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The water’s fine, come on in at Windjammer Park
Just in time for the sunny weather, Island County Public Health has given the all-clear for swimmers at Windjammer Park lagoon and beach after water quality test results revealed that the water is safe to play in.
Kathleen Parvin of Island County Public Health collected test samples two weeks ago. Parvin gathers the sample results for the BEACH program, which is funded through a grant from the U.S. Environmental Protection Agency and provides important information about the cleanliness of local beach waters.
The testing reveals the level of a nasty little bacterium called enterococci, which, if swallowed, can cause gastrointestinal and upper respiratory illness.
“Oak Harbor is one of the core set of beaches,” she said of the testing locations that are selected by the number of people who frequent the areas.
This year’s first round of tests returned “excellent” results for the beach and lagoon at Windjammer Park, a popular warm-weather destination for locals and tourists, but there was an exception to the near-perfect set of results.
The sample taken near the boat ramp at the park’s west end contained more than seven times the maximum “swimmable” amount of bacteria.
“It’s not a good place to play in the water,” Parvin said of the area near the stormwater outfall, although the reading didn’t surprise her. “I will have no choice but to post that area if the high readings continue.”
In contrast, the two other beach readings and the three lagoon sample results were “excellent,” she said. With barely detectable bacteria readings, these areas are safe to swim in. That’s where almost all the swimming is done, so it’s good news for Whidbey’s water lovers.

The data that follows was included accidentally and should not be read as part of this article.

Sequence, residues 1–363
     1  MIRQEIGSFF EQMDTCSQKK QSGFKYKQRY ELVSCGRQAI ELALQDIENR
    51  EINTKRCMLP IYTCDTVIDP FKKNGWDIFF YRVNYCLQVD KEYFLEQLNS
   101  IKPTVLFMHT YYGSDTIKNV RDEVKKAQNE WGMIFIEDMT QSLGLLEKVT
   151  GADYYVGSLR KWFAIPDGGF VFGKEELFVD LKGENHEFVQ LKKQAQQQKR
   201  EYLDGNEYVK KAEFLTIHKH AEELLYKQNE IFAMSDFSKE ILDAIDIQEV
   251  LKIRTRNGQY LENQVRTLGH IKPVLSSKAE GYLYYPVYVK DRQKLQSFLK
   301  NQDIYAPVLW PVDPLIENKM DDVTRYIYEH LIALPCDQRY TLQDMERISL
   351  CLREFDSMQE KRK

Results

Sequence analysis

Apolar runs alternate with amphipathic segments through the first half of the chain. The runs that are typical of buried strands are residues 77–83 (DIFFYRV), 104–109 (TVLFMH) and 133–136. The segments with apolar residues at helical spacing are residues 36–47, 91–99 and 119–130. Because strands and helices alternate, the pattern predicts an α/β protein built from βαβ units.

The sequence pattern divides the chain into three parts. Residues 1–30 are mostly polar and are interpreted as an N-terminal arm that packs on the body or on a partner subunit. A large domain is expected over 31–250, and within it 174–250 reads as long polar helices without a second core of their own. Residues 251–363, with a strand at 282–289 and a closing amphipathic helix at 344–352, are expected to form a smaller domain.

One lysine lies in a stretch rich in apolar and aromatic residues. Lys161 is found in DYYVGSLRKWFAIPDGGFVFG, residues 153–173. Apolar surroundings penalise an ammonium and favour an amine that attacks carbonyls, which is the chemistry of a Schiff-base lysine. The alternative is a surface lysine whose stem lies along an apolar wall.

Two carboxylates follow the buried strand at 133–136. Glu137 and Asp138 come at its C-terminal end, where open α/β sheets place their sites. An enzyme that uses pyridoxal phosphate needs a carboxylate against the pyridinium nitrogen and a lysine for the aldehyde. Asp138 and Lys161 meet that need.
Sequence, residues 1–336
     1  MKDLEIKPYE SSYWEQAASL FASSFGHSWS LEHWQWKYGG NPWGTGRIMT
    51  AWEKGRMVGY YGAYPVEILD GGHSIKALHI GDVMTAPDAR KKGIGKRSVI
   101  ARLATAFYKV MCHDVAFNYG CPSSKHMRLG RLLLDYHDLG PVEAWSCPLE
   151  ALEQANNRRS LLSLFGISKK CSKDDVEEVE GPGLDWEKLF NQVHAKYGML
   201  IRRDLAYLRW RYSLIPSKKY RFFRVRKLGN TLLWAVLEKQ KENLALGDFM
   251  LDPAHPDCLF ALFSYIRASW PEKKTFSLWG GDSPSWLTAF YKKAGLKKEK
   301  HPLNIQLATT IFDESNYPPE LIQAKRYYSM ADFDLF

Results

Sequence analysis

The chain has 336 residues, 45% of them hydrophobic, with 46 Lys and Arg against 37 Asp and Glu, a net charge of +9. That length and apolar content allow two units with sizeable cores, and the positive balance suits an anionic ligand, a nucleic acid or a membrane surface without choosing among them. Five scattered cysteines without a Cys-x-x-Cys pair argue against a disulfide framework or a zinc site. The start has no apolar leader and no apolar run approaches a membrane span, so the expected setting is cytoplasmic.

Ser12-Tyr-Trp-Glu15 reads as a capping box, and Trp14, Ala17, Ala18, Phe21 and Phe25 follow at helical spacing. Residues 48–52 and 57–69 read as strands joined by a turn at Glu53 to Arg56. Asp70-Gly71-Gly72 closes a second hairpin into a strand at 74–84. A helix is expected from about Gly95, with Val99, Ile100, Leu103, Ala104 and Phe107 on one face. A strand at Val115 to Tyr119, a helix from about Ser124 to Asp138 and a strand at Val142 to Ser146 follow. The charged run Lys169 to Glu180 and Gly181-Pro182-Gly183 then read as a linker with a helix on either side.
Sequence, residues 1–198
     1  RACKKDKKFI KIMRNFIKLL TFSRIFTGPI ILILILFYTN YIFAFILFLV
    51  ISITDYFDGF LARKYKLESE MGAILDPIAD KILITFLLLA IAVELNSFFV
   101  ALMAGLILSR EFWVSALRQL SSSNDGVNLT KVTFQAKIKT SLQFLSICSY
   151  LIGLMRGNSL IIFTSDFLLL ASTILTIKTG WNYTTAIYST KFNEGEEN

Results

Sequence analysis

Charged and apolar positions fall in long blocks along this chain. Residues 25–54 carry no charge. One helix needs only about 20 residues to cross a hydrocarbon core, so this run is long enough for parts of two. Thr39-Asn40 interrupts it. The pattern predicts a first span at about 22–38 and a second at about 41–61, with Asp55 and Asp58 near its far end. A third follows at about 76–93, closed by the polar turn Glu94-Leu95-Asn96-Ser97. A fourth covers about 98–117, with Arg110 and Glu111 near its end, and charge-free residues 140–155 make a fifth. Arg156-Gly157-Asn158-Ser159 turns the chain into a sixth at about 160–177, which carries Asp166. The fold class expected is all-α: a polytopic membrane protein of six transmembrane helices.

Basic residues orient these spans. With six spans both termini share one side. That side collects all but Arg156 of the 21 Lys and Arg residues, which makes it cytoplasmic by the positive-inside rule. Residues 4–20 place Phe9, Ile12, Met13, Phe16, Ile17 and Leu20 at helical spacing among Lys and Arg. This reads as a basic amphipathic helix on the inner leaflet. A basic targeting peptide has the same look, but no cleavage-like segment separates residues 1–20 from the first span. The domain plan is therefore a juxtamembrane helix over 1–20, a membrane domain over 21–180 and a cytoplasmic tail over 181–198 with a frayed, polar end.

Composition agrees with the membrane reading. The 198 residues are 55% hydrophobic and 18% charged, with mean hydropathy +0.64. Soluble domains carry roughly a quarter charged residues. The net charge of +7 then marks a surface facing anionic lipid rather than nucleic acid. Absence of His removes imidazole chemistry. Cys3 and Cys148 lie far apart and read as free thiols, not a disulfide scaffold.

Bacteria count isn’t the only information collected for the program.
“If bacteria levels are high, area, she records the number of swimmers and birds on the beach. She also keeps a log of the weather, including wind speed and direction, precipitation and temperature.
In the program’s five years, the lagoon was only closed once. The boat ramp area at Windjammer Park was closed the entire summer of 2007 and half the 2008 season, according to BEACH program data.
Freeland Park in Holmes Harbor and Oak Harbor are the only test sites because of the program’s tight budget.
“That’s all we have funding for with the marine water program. In the past we have sampled other beaches and not found any big issues,” Parvin said.
On this first day of testing for the summer season, she collected six samples at Windjammer Park, including three from the lagoon and three off the beach. She also got samples at the end of SE City Beach Street, by the footbridge and at the west-end boat ramp.
The tide dictates Parvin’s collection schedule. An incoming tide is the best and easiest time to test, she said, because wading out during a low tide could be dangerous if she were to get stuck in the mud.
The lab’s schedule also plays a role in where Parvin collects samples, she said, adding that she prefers to deliver her samples to the lab within six hours, although the window can span as long as 24 hours.
According to Parvin, the data suggests a correlation between rainfall and an increased level of enterococci bacteria.
“That’s stormwater picking things up off the land and putting them in the water,” she said.
Over her years of testing in Oak Harbor, Parvin said the bacteria count in the boat ramp sample consistently comes in at a higher level than the other samples because it is near a city stormwater outfall. The 42-inch pipe once extended further down the beach, but the elements have eroded the exposed pipe.
City Engineer Eric Johnston said the city hopes to replace the pipe in the near future. If the pipe is extended beyond the beach, contaminated runoff will still enter the bay, he said, but the distance from shore will allow any pollutants to dilute in the water before reaching shore.
For more information about the BEACH program, or to check weekly test results, visit http://www.ecy.wa.gov/programs/eap/beach.